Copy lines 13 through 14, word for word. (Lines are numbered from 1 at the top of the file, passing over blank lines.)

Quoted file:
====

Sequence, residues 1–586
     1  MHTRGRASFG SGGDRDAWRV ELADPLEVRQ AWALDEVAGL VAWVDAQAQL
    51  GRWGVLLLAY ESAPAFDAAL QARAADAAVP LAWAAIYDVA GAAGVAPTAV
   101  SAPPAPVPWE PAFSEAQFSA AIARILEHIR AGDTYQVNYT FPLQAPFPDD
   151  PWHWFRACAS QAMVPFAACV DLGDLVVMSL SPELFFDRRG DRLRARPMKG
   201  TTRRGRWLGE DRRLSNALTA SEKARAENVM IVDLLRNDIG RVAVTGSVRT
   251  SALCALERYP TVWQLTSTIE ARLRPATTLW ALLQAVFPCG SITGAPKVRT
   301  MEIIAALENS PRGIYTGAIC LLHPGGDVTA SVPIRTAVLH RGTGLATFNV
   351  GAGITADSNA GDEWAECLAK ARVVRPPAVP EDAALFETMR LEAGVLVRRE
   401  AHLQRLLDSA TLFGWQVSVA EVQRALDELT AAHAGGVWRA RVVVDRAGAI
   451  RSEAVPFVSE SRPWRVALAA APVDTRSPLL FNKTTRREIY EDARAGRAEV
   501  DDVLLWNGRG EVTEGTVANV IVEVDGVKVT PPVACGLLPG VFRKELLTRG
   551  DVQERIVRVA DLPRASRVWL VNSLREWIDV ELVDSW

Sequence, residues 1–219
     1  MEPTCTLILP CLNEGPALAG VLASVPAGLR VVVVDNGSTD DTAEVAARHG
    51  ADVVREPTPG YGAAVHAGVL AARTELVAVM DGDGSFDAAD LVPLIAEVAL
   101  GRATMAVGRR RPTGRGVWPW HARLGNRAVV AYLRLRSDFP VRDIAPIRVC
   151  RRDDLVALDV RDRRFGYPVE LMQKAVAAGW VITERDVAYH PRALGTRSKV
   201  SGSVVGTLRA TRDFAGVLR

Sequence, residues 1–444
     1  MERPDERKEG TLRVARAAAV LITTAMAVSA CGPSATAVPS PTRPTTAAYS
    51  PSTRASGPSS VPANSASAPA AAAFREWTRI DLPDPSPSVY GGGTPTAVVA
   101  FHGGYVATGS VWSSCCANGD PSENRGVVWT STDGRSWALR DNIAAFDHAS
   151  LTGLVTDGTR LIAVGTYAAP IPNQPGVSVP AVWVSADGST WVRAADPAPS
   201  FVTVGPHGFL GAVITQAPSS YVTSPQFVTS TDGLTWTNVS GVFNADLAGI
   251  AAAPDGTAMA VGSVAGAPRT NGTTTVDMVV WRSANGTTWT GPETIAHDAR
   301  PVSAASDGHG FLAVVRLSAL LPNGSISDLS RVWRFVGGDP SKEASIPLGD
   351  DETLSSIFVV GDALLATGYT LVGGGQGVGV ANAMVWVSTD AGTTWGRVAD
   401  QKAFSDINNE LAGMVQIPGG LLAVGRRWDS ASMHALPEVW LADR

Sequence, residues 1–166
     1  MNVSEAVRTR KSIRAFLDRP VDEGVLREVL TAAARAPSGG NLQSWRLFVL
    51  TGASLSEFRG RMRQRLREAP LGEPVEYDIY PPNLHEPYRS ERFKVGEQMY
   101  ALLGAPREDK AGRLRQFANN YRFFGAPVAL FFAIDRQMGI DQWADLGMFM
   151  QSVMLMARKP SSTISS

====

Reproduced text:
   551  DVQERIVRVA DLPRASRVWL VNSLREWIDV ELVDSW

Sequence, residues 1–219